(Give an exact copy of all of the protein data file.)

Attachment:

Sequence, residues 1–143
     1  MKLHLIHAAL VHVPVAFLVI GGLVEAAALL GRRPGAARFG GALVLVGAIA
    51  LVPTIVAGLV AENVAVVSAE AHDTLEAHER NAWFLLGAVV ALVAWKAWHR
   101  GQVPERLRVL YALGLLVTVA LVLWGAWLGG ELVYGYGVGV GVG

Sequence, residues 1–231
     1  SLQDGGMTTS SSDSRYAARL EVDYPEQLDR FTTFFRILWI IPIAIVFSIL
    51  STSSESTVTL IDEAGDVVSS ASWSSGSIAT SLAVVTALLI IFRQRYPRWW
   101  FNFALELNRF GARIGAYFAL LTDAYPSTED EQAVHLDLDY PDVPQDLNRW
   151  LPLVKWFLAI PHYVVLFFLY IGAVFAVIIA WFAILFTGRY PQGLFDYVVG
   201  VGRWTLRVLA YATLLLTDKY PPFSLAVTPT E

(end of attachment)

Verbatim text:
Sequence, residues 1–143
     1  MKLHLIHAAL VHVPVAFLVI GGLVEAAALL GRRPGAARFG GALVLVGAIA
    51  LVPTIVAGLV AENVAVVSAE AHDTLEAHER NAWFLLGAVV ALVAWKAWHR
   101  GQVPERLRVL YALGLLVTVA LVLWGAWLGG ELVYGYGVGV GVG

Sequence, residues 1–231
     1  SLQDGGMTTS SSDSRYAARL EVDYPEQLDR FTTFFRILWI IPIAIVFSIL
    51  STSSESTVTL IDEAGDVVSS ASWSSGSIAT SLAVVTALLI IFRQRYPRWW
   101  FNFALELNRF GARIGAYFAL LTDAYPSTED EQAVHLDLDY PDVPQDLNRW
   151  LPLVKWFLAI PHYVVLFFLY IGAVFAVIIA WFAILFTGRY PQGLFDYVVG
   201  VGRWTLRVLA YATLLLTDKY PPFSLAVTPT E